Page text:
Unlike many compilations of little-heard rockabilly sides, this has no particular theme connecting the tracks to each other, not even the same label or region. It's an above-average entry in the rockabilly comp field, though, because the quality of the records does seem to have been about as important a qualification as the collectability of the releases. There's just one real star among the 26 tracks in Carl Perkins, heard on his 1958 Columbia LP track "Where the Rio Del Rosa Flows." Billy Lee Riley's "Red Hot" and Ronnie Self's incredibly over the top "Bop-a-Lena" are acknowledged as rockabilly classics even by non-rockabilly specialists. But beyond that you're entering cult territory, with Sparkle Moore (one of the few excellent woman rockabilly vocalists), Sleepy La Beef, and Glen Glenn the only artists likely to excite some spark of recognition for those not steeped in this stuff. Although many of the tracks by the remaining singers are just OK, there are some notable finds here, like Jimmy & Johnny's "I Can't Find the Doorknob," which has an unusually effective use of harmonized duo rockabilly vocals; Jimmy Carroll's "Big Green Car," which would have fit in well with Sun's releases; and Sonny Fisher's "Rockin' Daddy," all-out raw rockabilly from a time (1955) when Elvis Presley had yet to make it a national fad.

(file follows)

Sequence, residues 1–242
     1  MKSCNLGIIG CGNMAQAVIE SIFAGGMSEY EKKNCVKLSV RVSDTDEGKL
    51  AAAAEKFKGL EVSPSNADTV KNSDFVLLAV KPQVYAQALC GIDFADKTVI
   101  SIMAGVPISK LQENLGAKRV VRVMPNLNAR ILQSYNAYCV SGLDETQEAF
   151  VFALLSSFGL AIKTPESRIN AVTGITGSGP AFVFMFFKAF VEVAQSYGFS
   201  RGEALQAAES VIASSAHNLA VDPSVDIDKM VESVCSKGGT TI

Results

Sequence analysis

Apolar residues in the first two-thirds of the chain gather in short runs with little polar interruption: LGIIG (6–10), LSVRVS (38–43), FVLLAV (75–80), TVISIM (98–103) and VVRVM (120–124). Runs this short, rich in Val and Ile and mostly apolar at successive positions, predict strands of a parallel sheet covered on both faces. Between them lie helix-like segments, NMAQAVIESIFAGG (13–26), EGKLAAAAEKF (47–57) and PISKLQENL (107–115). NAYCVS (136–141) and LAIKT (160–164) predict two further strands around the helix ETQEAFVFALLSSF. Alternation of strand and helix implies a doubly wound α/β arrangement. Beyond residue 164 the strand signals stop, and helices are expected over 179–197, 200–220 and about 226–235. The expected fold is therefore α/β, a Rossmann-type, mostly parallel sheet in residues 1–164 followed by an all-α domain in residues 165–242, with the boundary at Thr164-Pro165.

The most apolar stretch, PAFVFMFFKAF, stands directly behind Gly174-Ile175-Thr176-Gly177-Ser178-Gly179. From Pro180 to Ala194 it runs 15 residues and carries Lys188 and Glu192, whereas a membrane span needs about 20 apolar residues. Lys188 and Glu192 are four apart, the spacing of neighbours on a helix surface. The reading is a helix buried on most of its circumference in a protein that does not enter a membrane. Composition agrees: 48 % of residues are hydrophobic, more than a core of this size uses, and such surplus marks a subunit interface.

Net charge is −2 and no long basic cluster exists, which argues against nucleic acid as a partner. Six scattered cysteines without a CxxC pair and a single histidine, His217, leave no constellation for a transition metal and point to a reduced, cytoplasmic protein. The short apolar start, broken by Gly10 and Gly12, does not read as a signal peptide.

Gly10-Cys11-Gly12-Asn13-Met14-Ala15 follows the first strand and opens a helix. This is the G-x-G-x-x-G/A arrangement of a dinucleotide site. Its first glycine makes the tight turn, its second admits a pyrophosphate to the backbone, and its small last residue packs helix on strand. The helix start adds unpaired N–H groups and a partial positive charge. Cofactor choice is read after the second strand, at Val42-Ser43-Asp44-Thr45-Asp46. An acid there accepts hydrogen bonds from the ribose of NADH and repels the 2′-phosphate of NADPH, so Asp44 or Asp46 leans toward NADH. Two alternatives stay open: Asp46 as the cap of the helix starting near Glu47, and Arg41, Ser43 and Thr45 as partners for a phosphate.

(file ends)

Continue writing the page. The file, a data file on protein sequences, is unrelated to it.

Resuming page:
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AllMusic Review by Richie Unterberger